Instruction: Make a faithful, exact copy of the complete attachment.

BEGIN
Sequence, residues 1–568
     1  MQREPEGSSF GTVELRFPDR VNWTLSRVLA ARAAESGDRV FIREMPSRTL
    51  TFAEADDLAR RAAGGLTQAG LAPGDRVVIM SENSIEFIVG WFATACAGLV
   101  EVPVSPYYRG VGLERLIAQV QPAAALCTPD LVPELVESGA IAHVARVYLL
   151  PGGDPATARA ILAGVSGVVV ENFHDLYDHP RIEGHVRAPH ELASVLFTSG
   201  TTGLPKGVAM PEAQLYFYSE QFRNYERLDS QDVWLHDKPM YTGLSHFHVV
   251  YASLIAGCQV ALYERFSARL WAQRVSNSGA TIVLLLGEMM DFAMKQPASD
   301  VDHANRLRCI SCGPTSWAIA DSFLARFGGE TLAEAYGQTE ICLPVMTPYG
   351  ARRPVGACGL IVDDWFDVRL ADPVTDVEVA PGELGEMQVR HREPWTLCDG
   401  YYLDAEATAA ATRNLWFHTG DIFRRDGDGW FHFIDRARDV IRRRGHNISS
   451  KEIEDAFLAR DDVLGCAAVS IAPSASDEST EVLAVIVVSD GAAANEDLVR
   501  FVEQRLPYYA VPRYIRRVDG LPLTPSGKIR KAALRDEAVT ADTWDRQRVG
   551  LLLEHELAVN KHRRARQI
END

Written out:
Sequence, residues 1–568
     1  MQREPEGSSF GTVELRFPDR VNWTLSRVLA ARAAESGDRV FIREMPSRTL
    51  TFAEADDLAR RAAGGLTQAG LAPGDRVVIM SENSIEFIVG WFATACAGLV
   101  EVPVSPYYRG VGLERLIAQV QPAAALCTPD LVPELVESGA IAHVARVYLL
   151  PGGDPATARA ILAGVSGVVV ENFHDLYDHP RIEGHVRAPH ELASVLFTSG
   201  TTGLPKGVAM PEAQLYFYSE QFRNYERLDS QDVWLHDKPM YTGLSHFHVV
   251  YASLIAGCQV ALYERFSARL WAQRVSNSGA TIVLLLGEMM DFAMKQPASD
   301  VDHANRLRCI SCGPTSWAIA DSFLARFGGE TLAEAYGQTE ICLPVMTPYG
   351  ARRPVGACGL IVDDWFDVRL ADPVTDVEVA PGELGEMQVR HREPWTLCDG
   401  YYLDAEATAA ATRNLWFHTG DIFRRDGDGW FHFIDRARDV IRRRGHNISS
   451  KEIEDAFLAR DDVLGCAAVS IAPSASDEST EVLAVIVVSD GAAANEDLVR
   501  FVEQRLPYYA VPRYIRRVDG LPLTPSGKIR KAALRDEAVT ADTWDRQRVG
   551  LLLEHELAVN KHRRARQI